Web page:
Fast forward four-plus years and last year, I again happened to learn about an opportunity at Soko Glam. A startup in beauty seemed like the perfect way for me to transition myself back into beauty and I made the jump in September of 2017. Over six months have already flown by and it has been an incredible experience already!
What were some of the struggles and pros of transitioning from a corporate to entrepreneurial work environment? What surprised you about the transition?
After years of structure and processes in corporate, joining an entrepreneurial work environment can certainly be challenging and it definitely was for me. Working in corporate, I had always thought I was used to adjusting to "fast-paced environments". But this was fast-paced at another level. And without processes already in place, it was initially a big mind shift for me to adjust to the new climate. But I've also learned to realize that the lack of processes and fast-paced culture is also the beauty of entrepreneurial environments! Lack of processes means there are plenty of processes that you can actually build from scratch. And fast-paced means being able to be nimble to adjust to business needs and again make impact.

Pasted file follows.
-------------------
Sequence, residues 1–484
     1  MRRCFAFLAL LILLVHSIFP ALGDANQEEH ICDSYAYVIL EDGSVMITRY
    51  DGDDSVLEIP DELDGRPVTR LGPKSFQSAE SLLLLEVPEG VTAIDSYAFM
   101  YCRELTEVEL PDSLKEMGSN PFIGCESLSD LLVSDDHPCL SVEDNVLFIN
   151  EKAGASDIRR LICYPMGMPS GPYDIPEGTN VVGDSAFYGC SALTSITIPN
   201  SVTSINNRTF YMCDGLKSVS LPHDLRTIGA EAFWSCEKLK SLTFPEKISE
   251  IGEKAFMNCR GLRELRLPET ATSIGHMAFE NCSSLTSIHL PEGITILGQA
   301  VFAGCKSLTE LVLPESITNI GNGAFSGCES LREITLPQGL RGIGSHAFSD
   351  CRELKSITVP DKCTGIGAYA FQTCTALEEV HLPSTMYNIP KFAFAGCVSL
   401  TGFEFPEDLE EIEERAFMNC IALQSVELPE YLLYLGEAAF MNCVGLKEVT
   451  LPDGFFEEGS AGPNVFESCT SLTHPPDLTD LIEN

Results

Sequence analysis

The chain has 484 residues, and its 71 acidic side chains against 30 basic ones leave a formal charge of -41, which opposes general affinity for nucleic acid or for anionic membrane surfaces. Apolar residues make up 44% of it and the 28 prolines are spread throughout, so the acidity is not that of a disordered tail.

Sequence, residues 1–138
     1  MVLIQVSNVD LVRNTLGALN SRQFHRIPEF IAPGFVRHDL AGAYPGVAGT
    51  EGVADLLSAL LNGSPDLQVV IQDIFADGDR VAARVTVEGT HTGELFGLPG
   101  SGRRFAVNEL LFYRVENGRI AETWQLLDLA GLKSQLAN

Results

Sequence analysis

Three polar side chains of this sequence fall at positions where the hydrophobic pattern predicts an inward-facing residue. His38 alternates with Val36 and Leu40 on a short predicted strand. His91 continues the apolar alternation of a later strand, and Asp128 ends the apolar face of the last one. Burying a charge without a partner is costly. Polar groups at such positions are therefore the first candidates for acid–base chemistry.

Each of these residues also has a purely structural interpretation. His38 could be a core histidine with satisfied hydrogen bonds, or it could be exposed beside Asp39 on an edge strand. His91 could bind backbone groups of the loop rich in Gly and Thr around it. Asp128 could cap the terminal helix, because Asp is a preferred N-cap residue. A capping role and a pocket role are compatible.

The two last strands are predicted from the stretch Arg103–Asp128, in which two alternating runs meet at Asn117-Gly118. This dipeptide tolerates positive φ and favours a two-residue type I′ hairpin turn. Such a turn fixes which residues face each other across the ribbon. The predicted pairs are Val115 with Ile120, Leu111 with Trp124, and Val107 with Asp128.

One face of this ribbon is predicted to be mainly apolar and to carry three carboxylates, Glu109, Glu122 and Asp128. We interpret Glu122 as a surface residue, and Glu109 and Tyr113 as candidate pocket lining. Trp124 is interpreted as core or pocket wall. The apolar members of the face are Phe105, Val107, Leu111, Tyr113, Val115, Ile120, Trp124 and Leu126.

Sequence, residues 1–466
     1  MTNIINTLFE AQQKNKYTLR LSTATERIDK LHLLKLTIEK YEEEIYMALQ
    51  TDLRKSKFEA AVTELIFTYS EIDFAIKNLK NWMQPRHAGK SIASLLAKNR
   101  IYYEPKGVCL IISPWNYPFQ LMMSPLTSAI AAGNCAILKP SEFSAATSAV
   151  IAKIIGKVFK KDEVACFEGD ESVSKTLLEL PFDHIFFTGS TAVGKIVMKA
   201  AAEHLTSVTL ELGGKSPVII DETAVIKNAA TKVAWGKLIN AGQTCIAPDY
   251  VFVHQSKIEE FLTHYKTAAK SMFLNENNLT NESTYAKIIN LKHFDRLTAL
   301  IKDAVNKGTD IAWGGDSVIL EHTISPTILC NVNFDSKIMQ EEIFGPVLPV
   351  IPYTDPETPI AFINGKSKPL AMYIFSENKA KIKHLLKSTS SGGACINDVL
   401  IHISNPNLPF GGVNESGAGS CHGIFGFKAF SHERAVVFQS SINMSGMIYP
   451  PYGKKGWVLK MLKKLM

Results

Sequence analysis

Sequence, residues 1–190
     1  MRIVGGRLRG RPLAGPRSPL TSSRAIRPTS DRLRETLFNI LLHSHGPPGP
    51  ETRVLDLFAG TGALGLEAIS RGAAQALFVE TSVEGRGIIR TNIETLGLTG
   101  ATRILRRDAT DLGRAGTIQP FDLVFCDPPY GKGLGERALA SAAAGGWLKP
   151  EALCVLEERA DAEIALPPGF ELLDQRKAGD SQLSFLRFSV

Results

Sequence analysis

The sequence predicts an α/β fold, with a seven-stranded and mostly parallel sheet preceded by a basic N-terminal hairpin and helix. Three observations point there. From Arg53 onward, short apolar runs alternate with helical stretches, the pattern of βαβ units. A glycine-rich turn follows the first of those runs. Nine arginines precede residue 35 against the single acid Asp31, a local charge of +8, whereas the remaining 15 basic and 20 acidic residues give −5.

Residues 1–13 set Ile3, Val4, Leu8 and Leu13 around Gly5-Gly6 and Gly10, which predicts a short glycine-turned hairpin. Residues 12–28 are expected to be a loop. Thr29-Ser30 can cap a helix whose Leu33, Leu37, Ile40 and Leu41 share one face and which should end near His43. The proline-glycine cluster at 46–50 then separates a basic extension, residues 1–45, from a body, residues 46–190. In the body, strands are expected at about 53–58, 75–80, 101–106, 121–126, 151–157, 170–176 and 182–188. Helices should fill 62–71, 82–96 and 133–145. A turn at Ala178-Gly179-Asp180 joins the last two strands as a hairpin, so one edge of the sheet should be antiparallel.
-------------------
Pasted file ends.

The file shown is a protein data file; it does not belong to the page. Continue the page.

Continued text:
Anything is possible because there are "no rules" as long as there is logic and sound reasoning behind your business recommendations and I really feel this is an amazing way to challenge yourself and grow.
How has motherhood influenced your decisions in creating a workplace culture? What do you love about your job?
Becoming a mother has taught me that I really need to love what I do. Otherwise, it may just not be worth it for me and I also need to believe in the company's mission. I love the fact that I'm excited to get up every morning to get to work to not only make impact on the daily but to make sure that I'm helping all people believe there are "only good (skin) days ahead". But being a mother has also taught me that while work is important, family is irreplaceable. Time spent or not spent with my daughter will never be given back to me and with this in mind, I always want my team to know that while hard work is great, it can be meaningless without family and other loved ones. I want to build a culture where people work hard but also know when to stop.